They can be seen at public events from big shows and concerts, to charity fun runs and big sporting fixtures.
Everybody knows the work of the St John Ambulance Brigade.
And our archive pictures show them across the decades on the Fylde coast.
The St John Ambulance Brigade was formed nationally in 1887, but its origins go all the way back to 11th century Jerusalem, where the first Knights of St John set up a hospital to care for sick pilgrims.
The end of the 1890s saw more than 2,000 St John Ambulance volunteers offer medical assistance during the Boer Wars.
St John Ambulance volunteers performed their first duty for a major sporting event at the 1908 London Olympics, marking the beginning of a long-standing relationship between the charity and the sporting world.
The outbreak of the First World War in 1914 saw St John Ambulance join forces with the Red Cross, to form the Joint War Committee, providing medical care for war casualties in hospitals in England and overseas.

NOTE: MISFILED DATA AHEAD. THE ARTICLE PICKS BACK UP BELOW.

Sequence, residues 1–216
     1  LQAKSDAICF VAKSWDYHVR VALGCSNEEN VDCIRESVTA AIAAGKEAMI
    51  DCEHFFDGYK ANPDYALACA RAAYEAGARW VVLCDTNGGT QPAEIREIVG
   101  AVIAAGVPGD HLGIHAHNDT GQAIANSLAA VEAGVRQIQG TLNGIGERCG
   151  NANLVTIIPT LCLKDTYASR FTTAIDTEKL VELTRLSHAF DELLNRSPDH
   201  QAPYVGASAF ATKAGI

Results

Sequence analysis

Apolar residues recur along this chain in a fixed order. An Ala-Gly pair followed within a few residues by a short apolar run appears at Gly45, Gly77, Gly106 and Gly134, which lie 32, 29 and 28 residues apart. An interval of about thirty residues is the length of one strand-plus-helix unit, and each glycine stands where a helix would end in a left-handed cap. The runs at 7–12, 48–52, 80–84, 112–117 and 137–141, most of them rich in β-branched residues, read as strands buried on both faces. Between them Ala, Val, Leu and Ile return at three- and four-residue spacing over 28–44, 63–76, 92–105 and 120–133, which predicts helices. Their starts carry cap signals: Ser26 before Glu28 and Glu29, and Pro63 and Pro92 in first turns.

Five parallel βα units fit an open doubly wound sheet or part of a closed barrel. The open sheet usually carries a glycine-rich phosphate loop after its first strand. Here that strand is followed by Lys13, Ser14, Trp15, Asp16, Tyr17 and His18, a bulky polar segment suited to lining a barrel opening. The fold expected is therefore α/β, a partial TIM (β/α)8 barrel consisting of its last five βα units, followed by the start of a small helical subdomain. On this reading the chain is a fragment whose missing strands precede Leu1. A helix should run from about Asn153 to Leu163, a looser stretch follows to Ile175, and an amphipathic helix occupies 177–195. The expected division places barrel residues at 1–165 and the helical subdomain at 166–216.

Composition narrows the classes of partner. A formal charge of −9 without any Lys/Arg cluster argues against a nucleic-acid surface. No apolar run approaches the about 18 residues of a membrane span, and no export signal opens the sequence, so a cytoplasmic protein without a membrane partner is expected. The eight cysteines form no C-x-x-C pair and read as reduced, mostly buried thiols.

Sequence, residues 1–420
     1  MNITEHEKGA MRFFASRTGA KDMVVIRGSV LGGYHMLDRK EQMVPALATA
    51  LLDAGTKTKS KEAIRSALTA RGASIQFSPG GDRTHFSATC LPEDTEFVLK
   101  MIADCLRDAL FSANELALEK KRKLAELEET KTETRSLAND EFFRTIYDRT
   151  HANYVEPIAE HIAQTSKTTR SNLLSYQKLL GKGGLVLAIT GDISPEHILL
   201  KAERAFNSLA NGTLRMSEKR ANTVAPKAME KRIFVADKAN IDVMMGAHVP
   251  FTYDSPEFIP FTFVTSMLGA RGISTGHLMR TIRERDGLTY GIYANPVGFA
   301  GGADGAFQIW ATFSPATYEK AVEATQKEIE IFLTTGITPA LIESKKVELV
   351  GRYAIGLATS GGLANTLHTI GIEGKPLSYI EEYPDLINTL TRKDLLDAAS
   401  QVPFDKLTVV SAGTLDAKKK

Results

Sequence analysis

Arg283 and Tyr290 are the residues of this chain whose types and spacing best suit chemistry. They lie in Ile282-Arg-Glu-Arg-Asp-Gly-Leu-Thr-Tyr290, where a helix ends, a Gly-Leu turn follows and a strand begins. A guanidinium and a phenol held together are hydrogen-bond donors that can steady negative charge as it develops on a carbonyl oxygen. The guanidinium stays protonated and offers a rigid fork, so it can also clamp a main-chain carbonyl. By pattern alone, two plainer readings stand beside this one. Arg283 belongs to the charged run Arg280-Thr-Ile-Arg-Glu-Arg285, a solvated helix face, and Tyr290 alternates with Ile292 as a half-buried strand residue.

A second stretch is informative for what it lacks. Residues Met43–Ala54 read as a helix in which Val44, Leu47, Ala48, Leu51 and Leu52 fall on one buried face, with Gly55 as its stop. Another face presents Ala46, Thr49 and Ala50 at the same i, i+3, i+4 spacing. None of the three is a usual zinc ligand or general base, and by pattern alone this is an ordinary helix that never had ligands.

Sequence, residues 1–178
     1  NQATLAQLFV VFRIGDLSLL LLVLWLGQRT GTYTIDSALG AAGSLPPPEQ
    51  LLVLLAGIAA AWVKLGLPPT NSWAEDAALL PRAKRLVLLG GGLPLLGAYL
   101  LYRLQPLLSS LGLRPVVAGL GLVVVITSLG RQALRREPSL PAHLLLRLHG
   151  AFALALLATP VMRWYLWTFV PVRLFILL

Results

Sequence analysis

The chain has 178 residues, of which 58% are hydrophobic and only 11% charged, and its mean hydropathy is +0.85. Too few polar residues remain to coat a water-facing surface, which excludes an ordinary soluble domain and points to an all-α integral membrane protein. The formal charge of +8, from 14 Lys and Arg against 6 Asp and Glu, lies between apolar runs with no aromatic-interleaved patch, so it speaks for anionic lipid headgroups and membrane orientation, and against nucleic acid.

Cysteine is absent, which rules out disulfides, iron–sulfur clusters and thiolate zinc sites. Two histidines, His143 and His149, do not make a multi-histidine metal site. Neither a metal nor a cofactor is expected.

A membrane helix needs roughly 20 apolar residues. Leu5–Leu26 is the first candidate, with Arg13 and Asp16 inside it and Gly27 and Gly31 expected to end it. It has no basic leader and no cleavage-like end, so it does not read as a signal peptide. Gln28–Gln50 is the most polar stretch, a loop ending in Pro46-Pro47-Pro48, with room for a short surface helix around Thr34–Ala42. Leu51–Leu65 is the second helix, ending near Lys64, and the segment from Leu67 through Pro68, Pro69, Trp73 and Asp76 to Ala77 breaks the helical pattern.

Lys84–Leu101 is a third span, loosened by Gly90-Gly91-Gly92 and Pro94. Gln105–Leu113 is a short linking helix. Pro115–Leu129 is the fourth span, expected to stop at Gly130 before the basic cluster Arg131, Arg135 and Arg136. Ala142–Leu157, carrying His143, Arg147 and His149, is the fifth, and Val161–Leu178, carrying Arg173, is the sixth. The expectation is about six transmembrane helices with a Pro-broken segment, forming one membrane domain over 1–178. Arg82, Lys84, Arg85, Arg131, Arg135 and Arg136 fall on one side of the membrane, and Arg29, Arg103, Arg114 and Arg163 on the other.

In the 1920s, the St John Ambulance Cadets were formed for girls and boys aged 11 to 18, offering first aid training to those who were too young to join an adult division.
At the Coronation of King George VI in 1937, St John Ambulance volunteers provided first aid treatment to 9,000 members of the public.
During the Second World War, the Joint War Committee once again came together, to provide voluntary first aid to the injured.
In 1948, the formation of the NHS altered the role of St John Ambulance who now support local ambulance trusts in times of need.
The 1970s were a period of unrest, and St John Ambulance volunteers provide first aid to the injured in a number of dangerous situations such as riots.
During the 1980s, when new first aid regulations were introduced for the workplace, St John Ambulance offered first aid at work training and has done ever since.